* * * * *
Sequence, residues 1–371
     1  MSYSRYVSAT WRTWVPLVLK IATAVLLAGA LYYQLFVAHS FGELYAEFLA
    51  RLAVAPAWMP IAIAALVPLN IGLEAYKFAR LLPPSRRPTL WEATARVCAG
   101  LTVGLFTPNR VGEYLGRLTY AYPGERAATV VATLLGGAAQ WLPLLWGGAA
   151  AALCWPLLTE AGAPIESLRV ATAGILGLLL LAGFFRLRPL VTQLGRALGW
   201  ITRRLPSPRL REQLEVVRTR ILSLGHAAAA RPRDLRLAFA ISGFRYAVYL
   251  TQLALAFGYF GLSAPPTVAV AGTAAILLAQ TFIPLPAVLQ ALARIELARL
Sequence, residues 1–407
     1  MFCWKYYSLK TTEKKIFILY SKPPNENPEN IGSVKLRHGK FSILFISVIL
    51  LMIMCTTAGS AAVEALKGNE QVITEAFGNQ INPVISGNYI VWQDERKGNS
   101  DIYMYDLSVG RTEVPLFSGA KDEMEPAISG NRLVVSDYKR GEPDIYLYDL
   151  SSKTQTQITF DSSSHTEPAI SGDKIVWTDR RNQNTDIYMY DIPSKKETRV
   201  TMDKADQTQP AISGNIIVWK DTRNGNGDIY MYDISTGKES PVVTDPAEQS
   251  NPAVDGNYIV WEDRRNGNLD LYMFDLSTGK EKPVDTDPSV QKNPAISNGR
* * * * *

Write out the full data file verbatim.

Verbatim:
Sequence, residues 1–371
     1  MSYSRYVSAT WRTWVPLVLK IATAVLLAGA LYYQLFVAHS FGELYAEFLA
    51  RLAVAPAWMP IAIAALVPLN IGLEAYKFAR LLPPSRRPTL WEATARVCAG
   101  LTVGLFTPNR VGEYLGRLTY AYPGERAATV VATLLGGAAQ WLPLLWGGAA
   151  AALCWPLLTE AGAPIESLRV ATAGILGLLL LAGFFRLRPL VTQLGRALGW
   201  ITRRLPSPRL REQLEVVRTR ILSLGHAAAA RPRDLRLAFA ISGFRYAVYL
   251  TQLALAFGYF GLSAPPTVAV AGTAAILLAQ TFIPLPAVLQ ALARIELARL
Sequence, residues 1–407
     1  MFCWKYYSLK TTEKKIFILY SKPPNENPEN IGSVKLRHGK FSILFISVIL
    51  LMIMCTTAGS AAVEALKGNE QVITEAFGNQ INPVISGNYI VWQDERKGNS
   101  DIYMYDLSVG RTEVPLFSGA KDEMEPAISG NRLVVSDYKR GEPDIYLYDL
   151  SSKTQTQITF DSSSHTEPAI SGDKIVWTDR RNQNTDIYMY DIPSKKETRV
   201  TMDKADQTQP AISGNIIVWK DTRNGNGDIY MYDISTGKES PVVTDPAEQS
   251  NPAVDGNYIV WEDRRNGNLD LYMFDLSTGK EKPVDTDPSV QKNPAISNGR